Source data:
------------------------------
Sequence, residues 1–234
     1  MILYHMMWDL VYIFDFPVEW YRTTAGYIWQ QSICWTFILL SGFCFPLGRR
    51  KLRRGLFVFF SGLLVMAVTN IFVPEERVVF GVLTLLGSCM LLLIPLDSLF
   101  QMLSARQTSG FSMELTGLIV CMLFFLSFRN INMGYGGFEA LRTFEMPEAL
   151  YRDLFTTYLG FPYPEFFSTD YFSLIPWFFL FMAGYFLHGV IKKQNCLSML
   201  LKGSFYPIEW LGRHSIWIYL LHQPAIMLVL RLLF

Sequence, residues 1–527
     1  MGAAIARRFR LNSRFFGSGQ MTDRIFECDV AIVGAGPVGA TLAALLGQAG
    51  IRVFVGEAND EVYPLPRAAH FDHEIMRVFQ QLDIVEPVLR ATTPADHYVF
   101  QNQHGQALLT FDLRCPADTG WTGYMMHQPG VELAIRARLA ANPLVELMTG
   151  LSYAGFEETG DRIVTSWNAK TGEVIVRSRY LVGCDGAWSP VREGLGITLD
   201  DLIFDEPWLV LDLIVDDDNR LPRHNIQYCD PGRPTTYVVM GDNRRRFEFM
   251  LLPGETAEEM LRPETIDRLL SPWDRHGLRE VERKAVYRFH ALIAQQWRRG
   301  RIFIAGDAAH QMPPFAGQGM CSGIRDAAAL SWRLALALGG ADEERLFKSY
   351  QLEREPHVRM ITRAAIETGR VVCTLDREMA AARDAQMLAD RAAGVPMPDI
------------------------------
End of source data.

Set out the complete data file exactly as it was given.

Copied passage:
Sequence, residues 1–234
     1  MILYHMMWDL VYIFDFPVEW YRTTAGYIWQ QSICWTFILL SGFCFPLGRR
    51  KLRRGLFVFF SGLLVMAVTN IFVPEERVVF GVLTLLGSCM LLLIPLDSLF
   101  QMLSARQTSG FSMELTGLIV CMLFFLSFRN INMGYGGFEA LRTFEMPEAL
   151  YRDLFTTYLG FPYPEFFSTD YFSLIPWFFL FMAGYFLHGV IKKQNCLSML
   201  LKGSFYPIEW LGRHSIWIYL LHQPAIMLVL RLLF

Sequence, residues 1–527
     1  MGAAIARRFR LNSRFFGSGQ MTDRIFECDV AIVGAGPVGA TLAALLGQAG
    51  IRVFVGEAND EVYPLPRAAH FDHEIMRVFQ QLDIVEPVLR ATTPADHYVF
   101  QNQHGQALLT FDLRCPADTG WTGYMMHQPG VELAIRARLA ANPLVELMTG
   151  LSYAGFEETG DRIVTSWNAK TGEVIVRSRY LVGCDGAWSP VREGLGITLD
   201  DLIFDEPWLV LDLIVDDDNR LPRHNIQYCD PGRPTTYVVM GDNRRRFEFM
   251  LLPGETAEEM LRPETIDRLL SPWDRHGLRE VERKAVYRFH ALIAQQWRRG
   301  RIFIAGDAAH QMPPFAGQGM CSGIRDAAAL SWRLALALGG ADEERLFKSY
   351  QLEREPHVRM ITRAAIETGR VVCTLDREMA AARDAQMLAD RAAGVPMPDI